Not much more than a vehicle created to spotlight middle school versions of DC Comics heroes and baddies, but fans, at...

STUDY HALL OF JUSTICE

From the DC Comics Secret Hero Society series , Vol. 1

Young students with oddly familiar names team up to investigate the nefarious agenda of their school’s administration in this batty series opener.

In fact, hardly has Bruce Wayne hung a couple of bats in his new locker at Gotham City’s exclusive Ducard Academy than glimpses of lurking ninjas, an encounter with cream-pie–bearing bully Joe Kerr, and other signs raise his suspicion that something’s not right. With plenty of help from exchange student Diana Prince and hayseed classmate Clark Kent, he does indeed expose a scheme to recruit young villains—explained in detail by principal Ra’s Al Ghul—before he escapes in the wake of a climactic ninja battle. Along the way Bruce and company try out for extracurricular activities (“Boys’ sports: All pain, some gain! To sign up, see Coach Zod”), attend classes taught by the likes of Alice in Wonderland–obsessed Jervis Tetch, and adopt distinctive Halloween costumes for the climactic dust-up. Spun out in a mix of journal entries, chat transcripts, screenshots, and panels of comic art as loose as the plotline, the tale hurtles its inconclusive way to a close that leaves Bruce looking forward to the bats, shadows, and mysteries of summer camp. Stay tuned.

Not much more than a vehicle created to spotlight middle school versions of DC Comics heroes and baddies, but fans, at least, will enjoy catching the references. (Graphic fantasy. 9-11)

Pub Date: Jan. 26, 2016

ISBN: 978-0-545-82501-6

Page Count: 176

Publisher: Scholastic

Review Posted Online: Nov. 11, 2015

Kirkus Reviews Issue: Dec. 1, 2015

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A-mew-sing fare for readers who sometimes feel like fraidycats themselves.

SCAREDY CAT

Two shelter cats take on a mysterious puss with weird powers who is terrorizing the feline community.

Hardly have timorous (and aptly named) Poop and her sophisticated buddy, Pasha, been brought home by their new “human beans” for a two-week trial than they are accosted by fiery-eyed Scaredy Cat, utterly trashing the kitchen with a click of his claws and, hissing that he’s in charge of the neighborhood, threatening that if they don’t act like proper cats—disdaining ordinary cat food and any summons (they are not dogs, after all), clawing the furniture instead of the scratching post, and showing like “cattitude”—it’ll be back to the shelter for them. Will Poop and Pasha prove to be fraidycats or flee to the cowed clowder of homeless cats hiding from the bully in the nearby woods? Nope, they are made of sterner stuff and resolutely set out to enlist feline allies in a “quest for life, liberty, and the pursuit of purrs!” Cast into a gazillion very short chapters related by furry narrators Poop and Pasha, who are helpfully depicted in portrait vignettes by Herzog at each chapter’s head, the ensuing adventures test the defiant kitties’ courage (and, in some cases, attention spans) on the way to a spooky but poignant climax set, appropriately enough as it happens, in a pet graveyard.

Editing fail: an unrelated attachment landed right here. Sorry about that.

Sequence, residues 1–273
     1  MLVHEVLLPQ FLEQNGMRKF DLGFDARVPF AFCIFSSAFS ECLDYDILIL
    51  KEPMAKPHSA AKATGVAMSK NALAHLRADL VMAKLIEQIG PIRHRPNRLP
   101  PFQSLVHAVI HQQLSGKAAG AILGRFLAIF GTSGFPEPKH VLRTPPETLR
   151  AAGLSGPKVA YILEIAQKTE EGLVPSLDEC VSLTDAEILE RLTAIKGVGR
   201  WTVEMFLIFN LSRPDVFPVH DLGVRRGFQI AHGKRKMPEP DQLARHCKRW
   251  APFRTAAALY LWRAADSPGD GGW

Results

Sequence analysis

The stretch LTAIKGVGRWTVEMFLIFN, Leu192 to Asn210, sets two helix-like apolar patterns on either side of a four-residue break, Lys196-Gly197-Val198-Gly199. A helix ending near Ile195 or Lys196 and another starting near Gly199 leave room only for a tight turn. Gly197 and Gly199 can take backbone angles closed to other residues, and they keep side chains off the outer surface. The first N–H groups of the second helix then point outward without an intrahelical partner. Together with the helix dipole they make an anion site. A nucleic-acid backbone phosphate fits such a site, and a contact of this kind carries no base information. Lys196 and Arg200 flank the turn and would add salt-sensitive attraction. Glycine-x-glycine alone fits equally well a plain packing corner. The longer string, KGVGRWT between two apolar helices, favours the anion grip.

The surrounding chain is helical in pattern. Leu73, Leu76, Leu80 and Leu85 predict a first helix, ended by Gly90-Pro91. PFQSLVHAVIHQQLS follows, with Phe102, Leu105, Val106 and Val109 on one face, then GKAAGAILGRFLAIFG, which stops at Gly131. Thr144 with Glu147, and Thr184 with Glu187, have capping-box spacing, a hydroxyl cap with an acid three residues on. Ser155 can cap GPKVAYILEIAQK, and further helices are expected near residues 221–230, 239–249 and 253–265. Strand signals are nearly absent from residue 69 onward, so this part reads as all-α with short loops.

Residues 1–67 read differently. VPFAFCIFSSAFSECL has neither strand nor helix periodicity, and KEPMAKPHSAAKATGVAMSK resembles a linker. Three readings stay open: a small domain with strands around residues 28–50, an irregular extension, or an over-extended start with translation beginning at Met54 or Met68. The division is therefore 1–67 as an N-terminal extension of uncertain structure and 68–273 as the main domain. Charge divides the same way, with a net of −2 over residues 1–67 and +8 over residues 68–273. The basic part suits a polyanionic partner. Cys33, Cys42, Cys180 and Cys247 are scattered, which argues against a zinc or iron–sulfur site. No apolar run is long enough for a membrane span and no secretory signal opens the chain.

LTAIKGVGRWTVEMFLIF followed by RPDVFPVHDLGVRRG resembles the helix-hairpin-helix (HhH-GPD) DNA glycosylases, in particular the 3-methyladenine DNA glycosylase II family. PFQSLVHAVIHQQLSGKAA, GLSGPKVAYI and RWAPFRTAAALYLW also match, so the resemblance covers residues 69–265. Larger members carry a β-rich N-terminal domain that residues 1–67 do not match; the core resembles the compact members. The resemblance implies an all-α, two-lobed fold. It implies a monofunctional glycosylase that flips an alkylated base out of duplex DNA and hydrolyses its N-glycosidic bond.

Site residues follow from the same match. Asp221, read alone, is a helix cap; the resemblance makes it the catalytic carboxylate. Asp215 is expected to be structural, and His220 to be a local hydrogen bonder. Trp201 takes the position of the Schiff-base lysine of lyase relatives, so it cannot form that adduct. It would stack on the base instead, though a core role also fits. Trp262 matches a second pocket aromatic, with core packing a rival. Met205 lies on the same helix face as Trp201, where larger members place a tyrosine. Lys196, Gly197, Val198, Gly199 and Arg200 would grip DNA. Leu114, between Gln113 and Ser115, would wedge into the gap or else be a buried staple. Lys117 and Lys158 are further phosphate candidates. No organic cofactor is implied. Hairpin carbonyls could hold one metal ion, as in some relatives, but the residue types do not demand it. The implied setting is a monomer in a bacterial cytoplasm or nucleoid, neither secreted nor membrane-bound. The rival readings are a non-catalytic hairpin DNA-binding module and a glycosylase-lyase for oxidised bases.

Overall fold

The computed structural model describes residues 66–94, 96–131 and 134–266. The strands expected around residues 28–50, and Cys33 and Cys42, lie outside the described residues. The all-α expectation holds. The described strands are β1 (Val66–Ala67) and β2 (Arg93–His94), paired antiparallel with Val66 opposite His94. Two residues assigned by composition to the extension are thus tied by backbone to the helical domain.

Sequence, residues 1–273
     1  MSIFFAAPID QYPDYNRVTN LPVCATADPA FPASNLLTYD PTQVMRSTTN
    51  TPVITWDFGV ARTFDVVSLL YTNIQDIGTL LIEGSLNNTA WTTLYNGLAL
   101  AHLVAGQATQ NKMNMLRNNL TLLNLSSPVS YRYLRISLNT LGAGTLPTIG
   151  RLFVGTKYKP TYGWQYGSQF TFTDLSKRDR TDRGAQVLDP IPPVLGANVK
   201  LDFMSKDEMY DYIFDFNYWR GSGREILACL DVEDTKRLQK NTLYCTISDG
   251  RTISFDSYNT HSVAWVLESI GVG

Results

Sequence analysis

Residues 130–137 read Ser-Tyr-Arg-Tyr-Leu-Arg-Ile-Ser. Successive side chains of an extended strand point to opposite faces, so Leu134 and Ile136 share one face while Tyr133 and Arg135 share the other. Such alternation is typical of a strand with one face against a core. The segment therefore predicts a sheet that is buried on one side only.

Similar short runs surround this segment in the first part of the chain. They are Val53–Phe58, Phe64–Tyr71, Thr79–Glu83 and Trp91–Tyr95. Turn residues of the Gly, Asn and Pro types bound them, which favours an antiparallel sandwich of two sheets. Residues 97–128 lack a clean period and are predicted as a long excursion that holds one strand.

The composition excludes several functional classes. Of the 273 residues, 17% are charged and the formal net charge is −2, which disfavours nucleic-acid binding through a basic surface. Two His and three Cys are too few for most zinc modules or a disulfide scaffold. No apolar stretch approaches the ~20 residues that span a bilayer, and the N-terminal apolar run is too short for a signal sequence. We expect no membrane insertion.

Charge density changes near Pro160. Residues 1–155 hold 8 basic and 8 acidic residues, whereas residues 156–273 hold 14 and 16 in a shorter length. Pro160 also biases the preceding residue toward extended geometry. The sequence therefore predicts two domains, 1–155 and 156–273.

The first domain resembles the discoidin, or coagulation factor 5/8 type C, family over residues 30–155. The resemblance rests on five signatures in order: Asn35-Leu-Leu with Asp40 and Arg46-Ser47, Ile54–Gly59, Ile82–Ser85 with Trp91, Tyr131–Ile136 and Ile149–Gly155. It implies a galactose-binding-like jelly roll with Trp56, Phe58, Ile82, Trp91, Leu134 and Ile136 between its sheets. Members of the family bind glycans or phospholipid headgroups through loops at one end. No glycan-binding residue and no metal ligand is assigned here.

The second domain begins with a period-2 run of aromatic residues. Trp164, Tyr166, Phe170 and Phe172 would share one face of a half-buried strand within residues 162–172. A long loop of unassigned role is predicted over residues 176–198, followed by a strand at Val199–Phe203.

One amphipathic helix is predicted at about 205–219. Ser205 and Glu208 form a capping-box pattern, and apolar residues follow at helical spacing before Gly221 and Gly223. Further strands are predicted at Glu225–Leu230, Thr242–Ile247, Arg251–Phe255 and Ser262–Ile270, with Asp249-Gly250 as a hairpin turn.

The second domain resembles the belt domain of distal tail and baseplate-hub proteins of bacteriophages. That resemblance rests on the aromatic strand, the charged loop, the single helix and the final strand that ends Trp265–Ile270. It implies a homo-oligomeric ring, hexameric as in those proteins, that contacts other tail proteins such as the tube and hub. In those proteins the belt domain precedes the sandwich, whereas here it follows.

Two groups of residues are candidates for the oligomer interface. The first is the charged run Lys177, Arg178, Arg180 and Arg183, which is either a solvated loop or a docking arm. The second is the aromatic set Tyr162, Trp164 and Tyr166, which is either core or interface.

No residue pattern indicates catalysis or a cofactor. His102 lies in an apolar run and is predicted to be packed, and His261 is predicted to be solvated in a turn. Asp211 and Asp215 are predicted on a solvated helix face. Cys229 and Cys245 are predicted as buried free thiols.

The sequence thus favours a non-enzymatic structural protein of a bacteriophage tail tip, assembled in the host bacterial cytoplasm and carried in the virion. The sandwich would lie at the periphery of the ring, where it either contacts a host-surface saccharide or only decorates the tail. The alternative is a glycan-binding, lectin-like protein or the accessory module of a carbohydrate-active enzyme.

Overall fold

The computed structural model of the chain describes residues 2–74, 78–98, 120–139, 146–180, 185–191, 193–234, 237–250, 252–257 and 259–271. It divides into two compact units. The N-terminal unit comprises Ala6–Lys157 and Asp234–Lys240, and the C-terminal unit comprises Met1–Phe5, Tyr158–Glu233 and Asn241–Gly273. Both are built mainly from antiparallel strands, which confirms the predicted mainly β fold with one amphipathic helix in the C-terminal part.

A-mew-sing fare for readers who sometimes feel like fraidycats themselves. (Adventure. 9-11)

Pub Date: March 15, 2021

ISBN: 978-0-316-49443-4

Page Count: 304

Publisher: Jimmy Patterson/Little, Brown

Review Posted Online: March 3, 2021

Kirkus Reviews Issue: March 15, 2021

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A quick pull on a reliable, if not exactly minty-fresh, formula.

DEMON DENTIST

Walliams drills into a primal fear with this tale of a new dentist with a decidedly evil agenda.

In a blatant grab at Roald Dahl fans, the author pulls out a cast of cheeky children, thoroughly rotten villains, and clueless but well-meaning grown-ups for a Brit-flavored romp that combines moments of intense terror and bracing courage with biting satire—oh, and gruesome bits. Ross offers a plethora of loosely sketched ink-and-wash vignettes generally indistinguishable from Quentin Blake’s. All over town, children have been putting lost teeth beneath their pillows and, instead of money, getting cat poo, oozing scabs, and like rewards. Worse yet, following shocked comments about the state of 12-year-old Alfie’s “teet,” canny Winnie, a flamboyant new West Indian social worker, tricks the lad into visiting the newly arrived (with her cat, Fang) dentist, Miss Root. Alfie regains consciousness with nary a tooth in his mouth—it seems that Miss Root is the Tooth Witch herself. She’s not to be stopped, either, without help from new, dreadlocked friend (not girlfriend) Gabz, a vat of acid with revolting ingredients (carefully listed), and lots of dynamite. Walliams spritzes the narrative with made-up but not particularly inventive words and large-type screaming. Winnie, dark-skinned Gabz (short for Gabriella), and newsagent Raj are the only notable nonwhite characters; Winnie’s accent is an unfortunate running joke.

A quick pull on a reliable, if not exactly minty-fresh, formula. (pictorial cast list) (Horror. 9-11)

Pub Date: March 1, 2016

ISBN: 978-0-06-241704-6

Page Count: 448

Publisher: Harper/HarperCollins

Review Posted Online: Nov. 17, 2015

Kirkus Reviews Issue: Dec. 1, 2015

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